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  • Sarah Rose

The Do's and Don't's of Digital Communication

[Listen to an audio version of this blog HERE.]


"Dear David," I began my email. It was a copy-paste kind of email, highly impersonal and simultaneously necessary. Not all corporate communication can taste good, right?

I backspaced "David," and wrote instead, "Dear Mr. So-and-So." I'm not sure David and I are on a first name basis. I've never met him, after all, and some people like to take umbrage in such minor acts of familiarity. "Mr. So-and-So" seemed a bit stuffy though, and a bit difficult to justify, given that some men swing the opposite, and prefer first-name niceties. All this email was was a nicety, after all, a chirky but thoughtfully worded "How do ya do?" with the insignia of my employer emblazoned across my signature line.


Written communication leaves much on the table. Just the other day, I was in a foul mood and received a playful text from my boyfriend. I rolled my eyes and typed back a snarky reply before quickly backspacing and putting my phone down. I'd reply later, when my mood wasn't so compromised. He had no way of knowing that his text was coming at a bad moment, and would be confused by a snarky reply.


Because I'm a writer, written communication has become the bane of my existence. If only everyone would adopt the oxford comma, all would be well in my world. Instead, I begrudgingly correct typos and grammatical errors, patiently awaiting the day when I simply care less. In the meantime, I've compiled a succinct and useful list of digital communication do's and don't's. You can thank me later.


Do be concise.

There is nothing worse than a pages-long email or an enormous text message. You are not the next great American novelist. You are simply not making your point. Be succinct, and your chances of receiving a response exponentially increase.


Don't be vague.

If you're asking a colleague for something, don't make them guess. Same is true of communications with friends or family. Written communication can be easily misinterpreted, so it's best to be as direct as possible.


Do be consistent.

Someone named Zak Frazer said, "The key to success is consistency." Profound, right? But the sentiment holds true, especially for digital communication. Be consistent not only with the timing and frequency of your messages, but with the content as well.


Don't use excessive emojis.

I once met a man who would use the most random emojis (unicorns, rocket ships, butterflies, the 100% sign, etc) with absolutely zero context. "Good Morning! *unicorn-rocket-100%" is annoying. Emojis are useful in exemplifying context. Adding a smiley face is an easy way to show that your message is friendly and so forth. But there are emojis for just about every activity imaginable; don't be the person who always adds the bar of soap to just really highlight that you took a bath. In business communication, emojis can be especially damning. There are about 170,000 words in the English language, I promise you can find the right one.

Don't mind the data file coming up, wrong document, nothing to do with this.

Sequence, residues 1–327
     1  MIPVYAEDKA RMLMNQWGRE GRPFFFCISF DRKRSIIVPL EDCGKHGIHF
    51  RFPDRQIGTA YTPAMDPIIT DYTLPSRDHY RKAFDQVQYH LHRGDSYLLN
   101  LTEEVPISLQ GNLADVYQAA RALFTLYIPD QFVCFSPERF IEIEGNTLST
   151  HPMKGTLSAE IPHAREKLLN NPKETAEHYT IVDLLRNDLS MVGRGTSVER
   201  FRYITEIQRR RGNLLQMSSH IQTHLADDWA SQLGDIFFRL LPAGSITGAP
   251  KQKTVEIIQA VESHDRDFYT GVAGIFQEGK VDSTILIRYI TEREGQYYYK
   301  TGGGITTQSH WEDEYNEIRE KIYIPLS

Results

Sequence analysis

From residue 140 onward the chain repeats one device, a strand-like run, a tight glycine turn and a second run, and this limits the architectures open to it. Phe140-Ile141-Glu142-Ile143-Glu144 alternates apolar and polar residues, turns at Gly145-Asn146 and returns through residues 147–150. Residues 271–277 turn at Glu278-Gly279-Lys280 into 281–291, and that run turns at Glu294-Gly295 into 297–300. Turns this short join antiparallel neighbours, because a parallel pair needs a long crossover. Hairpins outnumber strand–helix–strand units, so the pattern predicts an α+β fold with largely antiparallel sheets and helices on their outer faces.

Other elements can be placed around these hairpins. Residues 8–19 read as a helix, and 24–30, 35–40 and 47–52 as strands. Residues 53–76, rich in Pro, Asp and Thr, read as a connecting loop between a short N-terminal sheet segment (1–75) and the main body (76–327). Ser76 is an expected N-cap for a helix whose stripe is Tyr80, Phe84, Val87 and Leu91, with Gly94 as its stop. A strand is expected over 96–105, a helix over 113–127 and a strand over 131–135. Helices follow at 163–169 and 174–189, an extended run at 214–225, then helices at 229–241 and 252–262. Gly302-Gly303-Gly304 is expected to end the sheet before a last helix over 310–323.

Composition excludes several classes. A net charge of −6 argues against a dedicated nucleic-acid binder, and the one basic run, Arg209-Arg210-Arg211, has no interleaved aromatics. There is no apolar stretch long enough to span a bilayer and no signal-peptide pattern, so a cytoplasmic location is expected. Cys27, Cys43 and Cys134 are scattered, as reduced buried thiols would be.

Do consider your audience.

This one is as obvious as it is important. How you communicate with your best friend should be different than how you communicate with your grandmummy should be different than how you communicate with your boss. Although the English language has about 170,000 words, words aren't all that matters. Context, relationship history, and medium should all be taken into consideration. How I write on this blog is vastly different than how I write emails or letters or grants or texts. Don't be a dick; consider your audience.


Don't overuse abbreviations or acronyms.

This is apropos to both work and life in general. If I receive a text littered with abbreviations, I probably won't respond if I don't know what it means. Besides, how difficult is it to write, "I'll be right back?" Be direct and concise, but don't assume everyone is in on the abbreviation. This is also pertinent in the workplace, in which every industry has an encyclopedia of acronyms that most other people do not and should not know. Don't be a dick; avoid the acronyms.


Do offer a way to continue the conversation.

In a business email, this looks something like, "I'll follow up with you by Thursday morning," or "Let's chat about this. Do you have time for a quick phone call next Monday at noon?" In your personal life, this looks something like, "Let's chat again soon!" or "Let my know how such-and-such goes," or even a simple, "I love you," since usually one doesn't ghost a person one loves.


Don't spam anybody.

This holds true for professional correspondence as well as friends/family members. If someone doesn't respond promptly assume they are busy at the moment. If someone doesn't respond for days, assume they don't want to talk to you. If you are awaiting a critical response from a colleague, for example, do what I do and forward the original message with a slightly passive aggressive "Just following up."


P.S. I hope these tips are endlessly helpful. For additional writing tips, check out Grammar Girl (aka, Mignon Fogarty) on Apple Podcasts, Spotify, et cetera. Her podcasts are short but informative-usually under 10 minutes.


xoxo


Sarah Rose